In theory, it doesnt sound too bad. The kids on the border need help. You help them. The school passes!

But, what about the other kids? What about the kids who dont understand enough of the test to pass it – whether that’s because they have a learning disability, have anxiety about tests, or don’t speak enough English to understand what the questions are asking? What about them? Do they matter?

Most of my kids fall into that lower range. I give them every accommodation I am capable of and everything legally allowed to be given.

Most of them don’t even try, anymore. They already know they’re going to fail. They look around at the other kids – the border kids – the ones who get to come after school and play math and word games on the computers. They look around at the kids who get ice cream for coming to school on test days and awards for passing as “Proficient,” but no one pays a damn bit of attention to the fact this kid went from “Far Below” all the way up to “Below Proficient.”

What do these kids see? What are we teaching our kids? What are we teaching our schools? Our schools are learning how to cheat the system, how to pass kids at any cost, how to invalidate test scores, how to refuse a new student’s entry to school until after the test window.

Is this what we want?

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6 Responses to Standards

  1. shannon says:

    I thought that program was crap from the beginning, and I am pretty sure that opinion was based on a similar conversation we had back then. I wish you could explain it to the world, maybe then everyone could work on a better system.

  2. Melisa says:

    I really love when you get all political in your blog. You are articulate in a way that many people are not. Thank you for pointing out what most people fail to grasp.

  3. Darcey says:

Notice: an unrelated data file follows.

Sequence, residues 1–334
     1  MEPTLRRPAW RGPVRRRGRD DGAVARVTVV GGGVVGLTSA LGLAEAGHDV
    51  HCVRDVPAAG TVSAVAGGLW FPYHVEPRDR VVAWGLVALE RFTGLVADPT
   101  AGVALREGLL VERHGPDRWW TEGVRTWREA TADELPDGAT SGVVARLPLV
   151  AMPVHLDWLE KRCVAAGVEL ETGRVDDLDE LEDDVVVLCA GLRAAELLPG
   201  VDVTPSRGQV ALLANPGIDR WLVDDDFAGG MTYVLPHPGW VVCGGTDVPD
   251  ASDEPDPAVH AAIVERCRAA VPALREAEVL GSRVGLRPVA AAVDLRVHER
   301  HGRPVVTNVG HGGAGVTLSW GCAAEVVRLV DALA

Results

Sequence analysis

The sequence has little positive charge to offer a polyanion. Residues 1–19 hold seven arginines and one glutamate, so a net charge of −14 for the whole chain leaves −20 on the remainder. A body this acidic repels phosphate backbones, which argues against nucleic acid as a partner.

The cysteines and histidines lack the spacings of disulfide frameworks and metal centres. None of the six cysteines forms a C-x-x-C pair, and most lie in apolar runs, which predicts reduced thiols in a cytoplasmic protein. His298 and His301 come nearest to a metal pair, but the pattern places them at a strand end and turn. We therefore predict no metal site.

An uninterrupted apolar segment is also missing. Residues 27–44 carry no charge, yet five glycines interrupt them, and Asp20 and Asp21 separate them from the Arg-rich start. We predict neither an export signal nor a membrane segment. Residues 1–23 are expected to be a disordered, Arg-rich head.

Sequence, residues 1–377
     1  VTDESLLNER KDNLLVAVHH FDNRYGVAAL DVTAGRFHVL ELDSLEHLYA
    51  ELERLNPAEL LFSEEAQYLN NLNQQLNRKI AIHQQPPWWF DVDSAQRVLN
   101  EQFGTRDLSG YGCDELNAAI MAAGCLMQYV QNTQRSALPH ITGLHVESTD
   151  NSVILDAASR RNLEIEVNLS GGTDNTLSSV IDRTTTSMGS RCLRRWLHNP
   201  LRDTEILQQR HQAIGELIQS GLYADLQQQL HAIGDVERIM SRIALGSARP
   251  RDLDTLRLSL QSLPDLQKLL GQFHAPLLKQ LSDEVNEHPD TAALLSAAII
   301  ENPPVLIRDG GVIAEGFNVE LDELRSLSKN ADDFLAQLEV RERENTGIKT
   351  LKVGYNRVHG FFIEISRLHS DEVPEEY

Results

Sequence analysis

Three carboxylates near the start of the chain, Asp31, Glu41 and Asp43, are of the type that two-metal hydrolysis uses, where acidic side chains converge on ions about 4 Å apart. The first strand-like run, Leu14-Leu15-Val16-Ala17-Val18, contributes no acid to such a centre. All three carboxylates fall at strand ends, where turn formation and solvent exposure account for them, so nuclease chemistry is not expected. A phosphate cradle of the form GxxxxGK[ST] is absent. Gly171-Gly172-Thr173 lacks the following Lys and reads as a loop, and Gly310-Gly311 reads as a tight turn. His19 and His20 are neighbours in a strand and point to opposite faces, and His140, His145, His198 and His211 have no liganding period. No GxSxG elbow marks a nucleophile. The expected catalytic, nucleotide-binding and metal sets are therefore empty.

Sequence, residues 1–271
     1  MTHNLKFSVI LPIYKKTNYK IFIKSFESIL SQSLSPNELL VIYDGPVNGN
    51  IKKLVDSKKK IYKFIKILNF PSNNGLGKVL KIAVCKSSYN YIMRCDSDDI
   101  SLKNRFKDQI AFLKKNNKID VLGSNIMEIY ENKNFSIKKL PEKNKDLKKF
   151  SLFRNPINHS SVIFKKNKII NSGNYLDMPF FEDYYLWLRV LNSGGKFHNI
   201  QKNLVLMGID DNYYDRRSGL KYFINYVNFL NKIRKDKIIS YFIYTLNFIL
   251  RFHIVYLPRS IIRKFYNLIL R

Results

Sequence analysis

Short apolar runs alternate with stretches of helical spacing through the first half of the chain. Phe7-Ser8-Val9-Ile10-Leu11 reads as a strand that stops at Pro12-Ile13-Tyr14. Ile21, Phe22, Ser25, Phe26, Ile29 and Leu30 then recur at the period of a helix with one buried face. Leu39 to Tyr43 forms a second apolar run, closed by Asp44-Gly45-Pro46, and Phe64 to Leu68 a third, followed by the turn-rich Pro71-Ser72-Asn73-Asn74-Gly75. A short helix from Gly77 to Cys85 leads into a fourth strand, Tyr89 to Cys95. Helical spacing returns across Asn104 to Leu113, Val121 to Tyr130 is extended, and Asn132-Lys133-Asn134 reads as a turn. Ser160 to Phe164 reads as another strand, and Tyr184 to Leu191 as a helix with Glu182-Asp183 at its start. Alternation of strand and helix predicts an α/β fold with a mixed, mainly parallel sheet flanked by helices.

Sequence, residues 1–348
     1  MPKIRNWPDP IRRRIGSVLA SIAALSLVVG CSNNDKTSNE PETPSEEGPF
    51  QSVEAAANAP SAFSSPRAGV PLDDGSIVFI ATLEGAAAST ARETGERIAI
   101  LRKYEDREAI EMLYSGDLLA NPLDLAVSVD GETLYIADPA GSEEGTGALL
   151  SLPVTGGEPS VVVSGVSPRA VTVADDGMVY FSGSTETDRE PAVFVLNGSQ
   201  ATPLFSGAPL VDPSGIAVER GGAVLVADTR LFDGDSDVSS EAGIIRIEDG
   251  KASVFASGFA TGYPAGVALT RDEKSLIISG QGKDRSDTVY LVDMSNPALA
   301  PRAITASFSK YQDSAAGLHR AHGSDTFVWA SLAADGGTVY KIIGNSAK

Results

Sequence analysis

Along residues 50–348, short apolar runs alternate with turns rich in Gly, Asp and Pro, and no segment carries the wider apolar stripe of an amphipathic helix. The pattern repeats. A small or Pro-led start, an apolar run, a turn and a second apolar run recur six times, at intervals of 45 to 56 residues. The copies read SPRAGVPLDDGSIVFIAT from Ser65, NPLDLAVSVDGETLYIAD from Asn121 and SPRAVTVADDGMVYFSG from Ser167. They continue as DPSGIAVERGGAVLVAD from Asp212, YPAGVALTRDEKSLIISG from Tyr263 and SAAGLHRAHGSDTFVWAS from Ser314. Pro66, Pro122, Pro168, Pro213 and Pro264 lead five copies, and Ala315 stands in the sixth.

Sheesh. I don’t know what’s wrong with you, but I welcome any and all opportunities to make my students, especially the ones who don’t speak any english, feel as though they are somehow less important than their peers who had the good sense to be born to english-speaking parents in a school district with a decent tax base. What are you? Some kinda pinko? Commie.

    Miss you, by the way.

  4. I am int he middle of reading “The Homework Myth” by Alfie Kohn and he has a similar view on standardised testing. I enjoyed this post a lot.

  5. Rob says:

    NCLB cost my brother his career as a teacher. He taught in the…let’s say slower….part of the state for three years. He is an amazing teacher, using technology in the classroom while also sticking to the classics when developing student reading lists. His principal was saddened to see him leave. The problem with the far-off county is that the commute was 50+ miles, each way. For teacher pay. (Which I realize is not a long commute when comparing to Alaska!)

    He decided to change schools and counties so that he could have more time at home and could participate in things after school without putting himself home at midnight, still needing to grade and plan for the next day. The test scores of his students were high for his school, but low for the state. He never really got a serious look from any of the schools that he interviewed at.

    Having goals is great, and something that I struggle to do in my life. But to take good teachers and put them into the for-profit world is a really dumb move on the part of school systems.